The Jalopy Journal
Discussion in 'The Hokey Ass Message Board' started by TCATTC, Mar 3, 2021.
Does anyone remember the octane rating of "Regular" and "High Test" fuel in the early 60's ?
Premium would be in the lower-mid 90's but used tetraethyl lead additive to reduce knock.
It depended a bit on what brand you bought. When I was driving my 51 Merc with the flathead in high school as long as the pump said "gas" on it it ran just as well on the cheap stuff as it did on the spendy stuff. My 55 Buick with the Super engine in it (Special with an engine swap) was another story. It wanted premium and was a bit picky about who's premium at times. It sure didn't run worth a hoot on my grandfather's farm gas.
It also depended on what rating system you use to get the numbers. they've changed over the years...used to be a Motor number, and Research number, and the modern numbers are an average of the two.
yea and it was .25 a gallon same as a pack of cigs..........
In 1968, I was a young man of 21 years of age;I bought a 68 Plymouth Road Runner from a dealer in Temple.Texas;paid $2842.80 driveout. Super Shell 104 octane was $0.25 per gallon. Nobody cared your Road Runner, 396 Chevelle,Pontiac GTO, etc got 10-12 mpg; nobody cared!!!
Don't know the octane rating but how many remember the Sunoco dail-a-matic pump's? ?
Premium 100 to 110 octane, Regular 92-92.. However, this was due to a very dangerous lead additive.. I think todays gasoline is better so long as the engine was built around the octane to be used..
Remember pulling plugs at least once a week to clean the lead deposits off them or they would short and screw the timing up..
This is very close. I worked for Standard Oil in the late '60s/early 70s and IIRC Chevron (regular) was 93, Chevron Supreme was 99, and Chevron Custom Supreme (white pump) was 105. These numbers could vary from place to place and even season as the mixes were semi-tailored to local conditions. These were all research octane numbers, not the lower motor octane.
And I recall it was full service too.
And if you filled up you got a glass, get a oil change and you got the pitcher to match the glasses.
If you were pulling plugs once a week to clean them it was way too rich or burning oil.
Exactly how does a fouled plug change the ignition timing? Answer: It can't.
I remember pulling my '55 Chevy into the Sunoco station and filling the tank with 260. It kept the 301 running strong.
Tiger Tail, ESSO put a tiger in your tank. A whole differn kinna tale....lol
And S & H Green stamps
And we checked your oil, tire pressure, cleaned windshield, rear window and lights.
and had 8 seconds to respond to bell going off or you were fired, all for a buck an hr. and closed the station down 6 days a week at 12 pm......... but did get to use the racks after work for my own use that was worth the min wage gig............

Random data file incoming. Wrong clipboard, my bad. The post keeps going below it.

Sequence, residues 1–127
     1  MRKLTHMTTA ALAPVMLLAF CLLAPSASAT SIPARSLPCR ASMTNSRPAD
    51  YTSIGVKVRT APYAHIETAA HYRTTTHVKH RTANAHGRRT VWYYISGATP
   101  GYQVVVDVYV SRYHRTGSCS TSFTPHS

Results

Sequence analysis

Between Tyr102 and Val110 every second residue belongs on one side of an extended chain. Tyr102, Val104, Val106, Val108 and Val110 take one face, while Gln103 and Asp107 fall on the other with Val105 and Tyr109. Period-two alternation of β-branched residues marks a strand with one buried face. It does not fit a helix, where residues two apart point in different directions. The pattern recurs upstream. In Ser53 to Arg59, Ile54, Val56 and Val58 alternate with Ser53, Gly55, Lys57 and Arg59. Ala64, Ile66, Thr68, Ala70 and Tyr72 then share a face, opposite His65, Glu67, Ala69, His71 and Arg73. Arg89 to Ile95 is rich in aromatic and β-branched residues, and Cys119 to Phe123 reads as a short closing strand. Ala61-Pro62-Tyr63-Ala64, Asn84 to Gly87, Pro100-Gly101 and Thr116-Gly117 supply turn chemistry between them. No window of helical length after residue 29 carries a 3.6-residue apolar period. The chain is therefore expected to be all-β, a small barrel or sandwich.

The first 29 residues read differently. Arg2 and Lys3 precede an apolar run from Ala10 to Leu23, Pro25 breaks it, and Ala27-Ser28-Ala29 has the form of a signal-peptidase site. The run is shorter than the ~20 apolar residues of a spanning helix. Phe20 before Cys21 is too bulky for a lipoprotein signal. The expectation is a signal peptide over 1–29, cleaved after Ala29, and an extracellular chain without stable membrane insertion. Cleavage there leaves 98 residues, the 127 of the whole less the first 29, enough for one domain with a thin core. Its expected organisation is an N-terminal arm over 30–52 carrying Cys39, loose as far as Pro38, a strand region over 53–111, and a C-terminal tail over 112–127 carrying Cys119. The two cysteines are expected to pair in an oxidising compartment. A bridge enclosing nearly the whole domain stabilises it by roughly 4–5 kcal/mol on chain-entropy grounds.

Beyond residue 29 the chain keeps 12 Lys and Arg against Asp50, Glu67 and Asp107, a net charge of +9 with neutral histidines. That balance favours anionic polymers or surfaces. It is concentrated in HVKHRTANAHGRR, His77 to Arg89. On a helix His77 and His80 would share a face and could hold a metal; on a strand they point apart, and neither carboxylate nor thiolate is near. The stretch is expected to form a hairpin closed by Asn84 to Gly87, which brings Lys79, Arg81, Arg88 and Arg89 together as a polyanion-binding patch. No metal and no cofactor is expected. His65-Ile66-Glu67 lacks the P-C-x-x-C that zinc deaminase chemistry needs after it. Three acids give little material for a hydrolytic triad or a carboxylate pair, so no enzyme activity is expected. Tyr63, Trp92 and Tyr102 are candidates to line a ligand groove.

I pumped alot of gallons after school from one of those at the Sunoco station. At the other end of town was the Texaco with Fire Chief regular and Sky Chief high test. In the center of town was the American station and they had the little circles that spun around when the gas was pumped. Any regular was$.26 a gallon.
I believe the Gulf stations called theirs Good Gulf and No Nox
Although I have never heard of this issue i think he was referring to the deposits causing issues with the spark because of the electrical conductivity of the lead.
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B/A station in small town Canada mid sixties, regular was 88 hi test was Super 98. I always thought that was the octane. Blue Sunoco 103 octane. All gas was leaded back then, we also sold naptha gas for blow torches, coleman lanterns and stoves, it had no additives.
And you could get a pair of vacuum-formed (orangish brown) horseshoes to put on your car
I thought I read Amoco sold unleaded back in the day? By that I mean long before TEL was banned for automotive use.
I wish they still sold "White Gas" for stoves and lanterns, it's well north of $12 a gallon now. Why, I'm not sure, it's 50 octane first cut Naptha with no additives. Seems like it should cost less than auto gas, at least wholesale.
Don't forget Gulftane!
Ah yes, the good ol' dayz when av gas came in 4 colors and was only a nickle more than "white pump".
I have some of those somewhere
I was talking about the gas stations I worked at, I don't think they sold Amoco around here. Unleaded gas was a new thing in the 70s, they had special pumps for it at first.
Amoco white gas late 60s early 70s was about 100 octaneby the method they used then (motor I believe). No lead, but there was another additive that wasn't too good for us either, however it didn't foul plugs. It was the recommended gasoline for 2 stroke engines, as it had adequate detonation/ping resistance, and as 2 strokes didn't need the TEL to protect valves and seats it was good for most purposes. Add a little Fuel Activator to boost octane for racing snowmobiles (well a lot actually, a whole bottle per 5 gallons...) and good to go.
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